Russian River floodwaters approach homes Sunday after a series of winter storms in Guerneville, Calif.

A few isolated higher rainfall rates of 0.5 inches per hour could lead to some instances of flooding, especially given the very wet conditions as atmospheric rivers have hit the state in the weeks prior.

While this weekend’s rainfall total is less than previous storms, the threshold for flooding is much lower now because the ground is so saturated and conditions are ripe for landslides and landslides.

There have been 402 landslides reported across the state since Dec. 30, according to the California Geological Survey.

Rain totals over the last few weeks have been immense. Already, San Francisco recorded one of its 15 wettest winters on record. The Bay Area could see 1-2 inches more by Monday afternoon and the wettest peaks could be as high as 3 inches.

To the south, the Los Angeles area has seen several locations set daily rainfall records with 1 to 2 inches received Saturday. Southern California can still see isolated areas where heavy rainfall can reach half an inch per hour in the heaviest storms.

Some areas of Santa Cruz County have recorded more than 34 inches of rain since Dec. 26, according to the county recovery official. If this is confirmed by the weather service, it would place Santa Cruz among the five wettest winters on record – with still a month left in the season.

“We are getting flooding in our coastal streams, creeks and rivers,” said Santa Cruz County Official David Reid. “And we are getting extensive landslides and landslides and road failures in our mountainous areas.”

This aerial view shows the damaged Capitola Pier after recent storms in Capitola, California.

“There’s definitely a fatigue that comes with ongoing storms – people are starting to fear that what we’re saying isn’t true, but we have real concerns,” Reid added.

The need for residents to follow evacuation orders and adhere to road closures is real. Teams across the state have been responding to rescues on flooded streets and flooded neighborhoods for weeks.

Storm-related deaths in recent weeks have included a woman whose body was found inside a vehicle that was driven into a flooded vineyard, two people who were found with trees on top of their tents, a child who was killed when a redwood tree fell into a house and several other fatalities.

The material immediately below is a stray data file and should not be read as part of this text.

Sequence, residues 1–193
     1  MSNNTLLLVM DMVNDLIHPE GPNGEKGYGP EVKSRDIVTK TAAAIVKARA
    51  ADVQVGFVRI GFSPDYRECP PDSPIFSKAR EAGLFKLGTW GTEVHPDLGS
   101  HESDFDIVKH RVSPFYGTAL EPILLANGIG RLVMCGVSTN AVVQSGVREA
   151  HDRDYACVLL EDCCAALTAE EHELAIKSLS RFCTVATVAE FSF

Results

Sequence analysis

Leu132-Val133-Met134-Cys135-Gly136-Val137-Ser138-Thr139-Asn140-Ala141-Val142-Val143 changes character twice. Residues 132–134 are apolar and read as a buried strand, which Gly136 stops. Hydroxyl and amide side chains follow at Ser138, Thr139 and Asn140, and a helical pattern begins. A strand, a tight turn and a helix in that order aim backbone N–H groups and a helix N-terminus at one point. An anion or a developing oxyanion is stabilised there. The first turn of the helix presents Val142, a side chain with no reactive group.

And in San Luis Obispo County, rescuers are still searching for 5-year-old Kyle Doan, who was ripped from his mother’s hands by a flood on Monday after his SUV was swept away.

Rain on Saturday hampered the search as water levels rose in the San Marcos Creek and Salinas River, but teams returned to the search for the boy on Sunday as conditions improved, the San Luis Obispo County Sheriff’s Office said.

As lower elevations deal with heavy rainfall and possible flooding and landslides, those who live in higher elevations can expect heavy snowfall and hazardous road conditions.

Up to 3 feet of new snow could fall on Monday in Sierra Nevada, while mountains in Southern California could see several inches of snow on Tuesday morning.

Flagstaff, Arizona saw 14.8 inches on Sunday, breaking a previous record of 8.9 inches set in 1978.

“Heavy snow in the mountains and strong winds will lead to blowing snow and bleaching conditions at times, creating dangerous or nearly impossible travel above 4,000 feet in the mountains and passes of Central California and above 5,000 feet in Southern California,” he said. the communiqué. National Weather Service said.

Snow can hit the mountains at a rate of 2 inches per hour at times on Monday morning in the Sierra Nevada, the weather service added.

For Tuesday, rain and snow will move into the Four Corners region, but isolated showers and blizzards could still affect parts of Southern California on Tuesday morning.

Lower elevations in Arizona, Nevada, Utah and New Mexico can see 1-4 inches of snow and higher elevations can see 1-2 feet.